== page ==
Let's say twenty years ago, you testified before Congress. Under oath. Heck, let's even say the most well-known part of your testimony was capable of being interpreted either as harassment or crudely self-deprecating ethnic humor and you took it as the first; a subjective assessment, the truth of which only you can know.
...And let's say the fellow you testified against got the job anyway, with your own testimony generally held to be politically motivated at worst, overly thin-skinned at best.
All of that happened nearly twenty years ago. You've moved on, you have a high-prestige job with decent pay and benefits and then, out of the blue, the wife of the man you've testified against calls up early one weekend morning and leaves voicemail asking you to think about apologizing and explaining.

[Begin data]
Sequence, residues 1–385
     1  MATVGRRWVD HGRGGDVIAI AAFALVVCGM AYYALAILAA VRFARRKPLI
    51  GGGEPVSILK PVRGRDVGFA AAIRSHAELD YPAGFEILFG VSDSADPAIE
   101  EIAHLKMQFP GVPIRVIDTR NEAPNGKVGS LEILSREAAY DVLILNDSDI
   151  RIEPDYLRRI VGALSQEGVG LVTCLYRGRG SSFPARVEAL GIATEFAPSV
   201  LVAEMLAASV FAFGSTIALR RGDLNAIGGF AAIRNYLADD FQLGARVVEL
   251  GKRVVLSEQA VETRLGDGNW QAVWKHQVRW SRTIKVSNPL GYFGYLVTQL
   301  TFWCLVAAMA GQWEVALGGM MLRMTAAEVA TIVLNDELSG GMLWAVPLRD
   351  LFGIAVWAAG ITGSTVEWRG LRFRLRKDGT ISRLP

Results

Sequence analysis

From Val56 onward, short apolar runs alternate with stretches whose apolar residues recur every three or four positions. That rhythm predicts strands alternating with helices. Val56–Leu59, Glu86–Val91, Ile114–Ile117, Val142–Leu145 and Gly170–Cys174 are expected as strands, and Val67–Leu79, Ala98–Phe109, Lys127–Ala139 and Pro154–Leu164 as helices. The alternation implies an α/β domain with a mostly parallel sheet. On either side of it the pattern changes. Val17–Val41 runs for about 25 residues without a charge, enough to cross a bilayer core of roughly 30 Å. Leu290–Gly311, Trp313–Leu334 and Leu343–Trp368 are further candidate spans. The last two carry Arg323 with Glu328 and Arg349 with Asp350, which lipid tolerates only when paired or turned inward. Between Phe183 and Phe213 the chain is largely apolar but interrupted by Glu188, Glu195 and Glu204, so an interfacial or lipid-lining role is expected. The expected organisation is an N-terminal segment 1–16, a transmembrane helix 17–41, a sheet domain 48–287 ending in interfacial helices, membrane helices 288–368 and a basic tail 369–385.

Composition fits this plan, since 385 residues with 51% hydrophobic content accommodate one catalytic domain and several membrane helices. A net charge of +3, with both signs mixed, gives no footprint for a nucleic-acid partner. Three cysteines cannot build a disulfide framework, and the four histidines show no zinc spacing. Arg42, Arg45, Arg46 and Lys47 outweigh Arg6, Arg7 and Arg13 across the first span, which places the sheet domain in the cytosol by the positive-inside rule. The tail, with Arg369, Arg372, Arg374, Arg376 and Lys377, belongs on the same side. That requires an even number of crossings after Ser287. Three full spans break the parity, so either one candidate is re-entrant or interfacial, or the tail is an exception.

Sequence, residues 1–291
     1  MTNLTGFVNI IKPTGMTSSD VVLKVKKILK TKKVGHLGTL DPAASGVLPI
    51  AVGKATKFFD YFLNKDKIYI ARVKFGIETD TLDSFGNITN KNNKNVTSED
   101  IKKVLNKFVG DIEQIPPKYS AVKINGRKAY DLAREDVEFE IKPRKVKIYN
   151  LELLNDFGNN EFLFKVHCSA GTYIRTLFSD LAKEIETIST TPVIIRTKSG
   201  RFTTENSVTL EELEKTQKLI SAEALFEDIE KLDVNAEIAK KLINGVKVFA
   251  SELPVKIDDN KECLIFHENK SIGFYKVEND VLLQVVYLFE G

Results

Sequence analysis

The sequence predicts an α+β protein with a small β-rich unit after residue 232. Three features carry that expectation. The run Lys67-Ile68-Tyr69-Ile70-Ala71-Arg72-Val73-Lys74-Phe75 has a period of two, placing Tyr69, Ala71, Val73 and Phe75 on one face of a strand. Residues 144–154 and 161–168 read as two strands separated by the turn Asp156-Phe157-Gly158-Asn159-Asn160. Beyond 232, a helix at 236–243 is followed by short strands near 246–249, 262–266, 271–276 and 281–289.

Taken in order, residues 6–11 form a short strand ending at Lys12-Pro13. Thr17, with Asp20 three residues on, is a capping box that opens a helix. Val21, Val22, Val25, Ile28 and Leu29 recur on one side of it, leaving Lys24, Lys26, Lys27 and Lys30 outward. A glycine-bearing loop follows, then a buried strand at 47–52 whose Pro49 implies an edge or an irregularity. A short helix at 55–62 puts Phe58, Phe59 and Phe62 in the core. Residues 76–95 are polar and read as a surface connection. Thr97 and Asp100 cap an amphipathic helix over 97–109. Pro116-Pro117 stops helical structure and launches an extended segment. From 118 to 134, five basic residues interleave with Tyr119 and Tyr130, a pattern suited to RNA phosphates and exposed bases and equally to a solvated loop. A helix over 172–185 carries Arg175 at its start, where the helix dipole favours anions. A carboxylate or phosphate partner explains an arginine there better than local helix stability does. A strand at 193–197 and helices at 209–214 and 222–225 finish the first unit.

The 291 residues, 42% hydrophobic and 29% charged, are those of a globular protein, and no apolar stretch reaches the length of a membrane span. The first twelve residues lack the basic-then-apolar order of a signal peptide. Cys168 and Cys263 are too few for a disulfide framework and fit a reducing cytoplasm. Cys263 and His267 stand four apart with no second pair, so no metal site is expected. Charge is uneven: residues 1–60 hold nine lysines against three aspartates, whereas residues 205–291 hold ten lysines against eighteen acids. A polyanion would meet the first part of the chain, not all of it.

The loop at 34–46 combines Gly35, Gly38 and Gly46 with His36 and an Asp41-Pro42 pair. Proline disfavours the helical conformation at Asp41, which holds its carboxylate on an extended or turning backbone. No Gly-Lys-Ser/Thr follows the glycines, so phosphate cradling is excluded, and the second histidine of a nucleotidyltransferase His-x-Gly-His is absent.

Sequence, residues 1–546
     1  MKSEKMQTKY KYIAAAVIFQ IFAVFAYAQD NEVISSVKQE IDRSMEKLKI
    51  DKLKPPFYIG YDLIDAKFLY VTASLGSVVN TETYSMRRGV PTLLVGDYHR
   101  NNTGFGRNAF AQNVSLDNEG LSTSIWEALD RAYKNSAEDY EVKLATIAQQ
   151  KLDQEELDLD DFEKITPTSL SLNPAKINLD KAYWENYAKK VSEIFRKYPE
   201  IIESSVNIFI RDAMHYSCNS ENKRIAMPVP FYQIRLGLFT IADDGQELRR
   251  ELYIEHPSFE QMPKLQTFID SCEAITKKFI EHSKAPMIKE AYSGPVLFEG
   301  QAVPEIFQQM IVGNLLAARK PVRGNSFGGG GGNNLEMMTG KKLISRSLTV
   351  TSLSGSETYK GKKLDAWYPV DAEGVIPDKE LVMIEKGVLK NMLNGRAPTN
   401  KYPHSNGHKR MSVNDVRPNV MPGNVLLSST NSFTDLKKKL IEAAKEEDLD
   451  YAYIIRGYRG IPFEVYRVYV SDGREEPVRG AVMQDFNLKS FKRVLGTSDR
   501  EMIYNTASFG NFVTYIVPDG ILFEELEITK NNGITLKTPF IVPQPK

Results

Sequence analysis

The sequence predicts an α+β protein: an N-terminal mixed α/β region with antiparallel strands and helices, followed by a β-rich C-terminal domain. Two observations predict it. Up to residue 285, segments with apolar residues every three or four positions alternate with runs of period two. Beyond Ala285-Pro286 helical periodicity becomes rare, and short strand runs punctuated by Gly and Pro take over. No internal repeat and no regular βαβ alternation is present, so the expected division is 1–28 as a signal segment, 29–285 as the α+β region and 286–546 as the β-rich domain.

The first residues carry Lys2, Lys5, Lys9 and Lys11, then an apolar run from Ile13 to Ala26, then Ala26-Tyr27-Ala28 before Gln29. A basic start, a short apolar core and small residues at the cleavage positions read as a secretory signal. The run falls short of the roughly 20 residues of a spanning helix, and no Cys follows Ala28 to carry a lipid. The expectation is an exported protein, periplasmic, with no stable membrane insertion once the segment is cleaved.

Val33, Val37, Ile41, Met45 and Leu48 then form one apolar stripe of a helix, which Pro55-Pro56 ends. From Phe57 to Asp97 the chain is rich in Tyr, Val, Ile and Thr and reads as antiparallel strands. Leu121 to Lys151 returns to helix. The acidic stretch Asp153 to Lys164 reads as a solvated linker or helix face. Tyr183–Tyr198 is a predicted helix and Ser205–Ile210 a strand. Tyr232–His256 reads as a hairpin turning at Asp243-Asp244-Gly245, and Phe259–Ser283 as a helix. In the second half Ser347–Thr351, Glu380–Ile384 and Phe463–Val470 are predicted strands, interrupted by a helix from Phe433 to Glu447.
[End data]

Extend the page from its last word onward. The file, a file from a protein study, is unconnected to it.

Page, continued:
A. Shrug and ignore it.
B. Call her up and give her the what-for.
C. Forward the message to your employer's Security service, who forward it to the FBI.
If your name is Anita Hill, "C," and without a blink.
We'll never know the facts; the accusations against Supreme Court Justice Clarence Thomas that don't involve jokes about a hair on a soft-drink can strike me as unlikely and by all accounts, he has conducted himself with utter probity since being confirmed.
So, what we're left with is a concerned spouse and a reaction that appears disproportionate, conveniently as we head into elections in which there's a good chance Ms. Hill's party may lose their House majority to Mrs. Thomas's party. And we're left with it all over television and computer screens.
Online, we say "Stop feeding the trolls." It's good advice, Mrs. Thomas. No matter how appalling the troll.
1 month ago